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The Soft Robotics Team at MIT Has Created New Robotic Hands That Have a Gentle Touch

soft robotics gripper from MIT CSAILHere’s some good news for the people that are worried about the robots rising up to take over the world: at least they’ll rule with a flexible fist!

That’s right—the soft robotics researchers from MIT’s Computer Science and Artificial Intelligence Laboratory (CSAIL) have been creating again. This time, they’ve been working with a substance more commonly associated with new buildings and Silly Putty: silicone.

At a conference this month, researchers from CSAIL demonstrated a 3-D-printed robotic hand made out of silicone rubber that can lift and handle objects as delicate as an egg and as thin as a compact disc. Just as impressively, its three fingers have special sensors that can estimate the size and shape of an object accurately enough to identify it from a set of multiple items. Check out this video of “the gripper” in action.

“Robots are often limited in what they can do because of how hard it is to interact with objects of different sizes and materials,” Director Daniella Rus tells Phys.org. “Grasping is an important step in being able to do useful tasks; with this work we set out to develop both the soft hands and the supporting control and planning systems that make dynamic grasping possible.”

The gripper, which can also pick up items such as a tennis ball, a Rubik’s cube, and a Beanie Baby, is part of a larger body of work out of Rus’ lab at CSAIL aimed at showing the value of so-called “soft robots” made of unconventional materials such as silicone, paper, and fiber. Remember the squishy robotic fish they made last year?

Researchers say that these soft robots have a number of advantages over “hard” robots, including the ability to handle irregularly-shaped objects, squeeze into tight spaces, and recover from collisions.

“A robot with rigid hands will have much more trouble with tasks like picking up an object,” says Bianca Homberg, a graduate student who co-wrote the research paper with Rus. “This is because it has to have a good model of the object and spend a lot of time thinking about precisely how it will perform the grasp.”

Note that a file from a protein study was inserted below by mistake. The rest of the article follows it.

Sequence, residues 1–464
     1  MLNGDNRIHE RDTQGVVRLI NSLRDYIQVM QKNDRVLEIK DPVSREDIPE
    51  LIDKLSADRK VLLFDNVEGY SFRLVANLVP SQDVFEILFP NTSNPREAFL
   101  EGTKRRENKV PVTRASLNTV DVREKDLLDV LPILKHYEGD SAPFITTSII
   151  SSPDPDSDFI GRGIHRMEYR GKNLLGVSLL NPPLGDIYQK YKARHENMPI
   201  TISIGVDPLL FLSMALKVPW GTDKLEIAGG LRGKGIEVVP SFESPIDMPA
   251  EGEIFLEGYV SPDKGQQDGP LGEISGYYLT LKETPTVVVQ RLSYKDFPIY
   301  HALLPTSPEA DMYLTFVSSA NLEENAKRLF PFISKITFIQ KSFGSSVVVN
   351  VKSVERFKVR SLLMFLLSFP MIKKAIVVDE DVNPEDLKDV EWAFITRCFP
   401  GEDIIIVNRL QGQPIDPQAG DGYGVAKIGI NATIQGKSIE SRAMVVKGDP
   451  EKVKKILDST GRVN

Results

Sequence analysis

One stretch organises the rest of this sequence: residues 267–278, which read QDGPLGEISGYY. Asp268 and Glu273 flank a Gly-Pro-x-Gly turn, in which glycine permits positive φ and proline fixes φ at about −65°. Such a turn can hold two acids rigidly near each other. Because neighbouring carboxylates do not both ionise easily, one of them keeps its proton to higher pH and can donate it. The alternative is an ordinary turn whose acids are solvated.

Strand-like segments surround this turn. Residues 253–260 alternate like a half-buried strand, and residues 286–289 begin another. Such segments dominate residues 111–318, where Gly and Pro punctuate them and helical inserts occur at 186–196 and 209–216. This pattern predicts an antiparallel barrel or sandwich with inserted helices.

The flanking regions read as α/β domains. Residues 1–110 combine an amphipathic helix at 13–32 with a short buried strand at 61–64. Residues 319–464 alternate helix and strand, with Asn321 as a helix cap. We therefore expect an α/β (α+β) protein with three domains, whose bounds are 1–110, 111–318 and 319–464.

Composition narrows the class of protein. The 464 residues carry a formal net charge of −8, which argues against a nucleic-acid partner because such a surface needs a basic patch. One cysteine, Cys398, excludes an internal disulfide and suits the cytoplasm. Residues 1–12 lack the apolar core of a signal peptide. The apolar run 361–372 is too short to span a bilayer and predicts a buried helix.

One major drawback to these soft robots is that because their parts are extra flexible, they sometimes have difficulty accurately measuring where an object is, or even if they have successfully picked the object up at all. That’s where the CSAIL team’s “bend sensors” come in.

When the gripper hones in on an object, the fingers send back location data based on their curvature. Using this data, the robot can pick up an unknown object and compare it to the existing clusters of data points that represent past objects.

PhD candidate Robert Katzschmann, who also worked on the gripper, had this to say: “If you’re blindfolded and you pick something up, you can feel it and still understand what it is. We want to develop a similar skill in robots—essentially, giving them ‘sight’ without them actually being able to see.”

In the future, Rus says the team plans to put more time into improving and adding more sensors that will allow the gripper to identify a wider variety of objects.”Our dream is to develop a robot that, like a human, can approach an unknown object, big or small, determine its approximate shape and size, and figure out how to interface with it in one seamless motion.”

As our name suggests, Dream It Do It is certainly supportive of more creations from CSAIL and the soft robotics teams. Let’s just hope they don’t create something that’s so squishy, it can’t be stopped!

Photo credit: Phys.org

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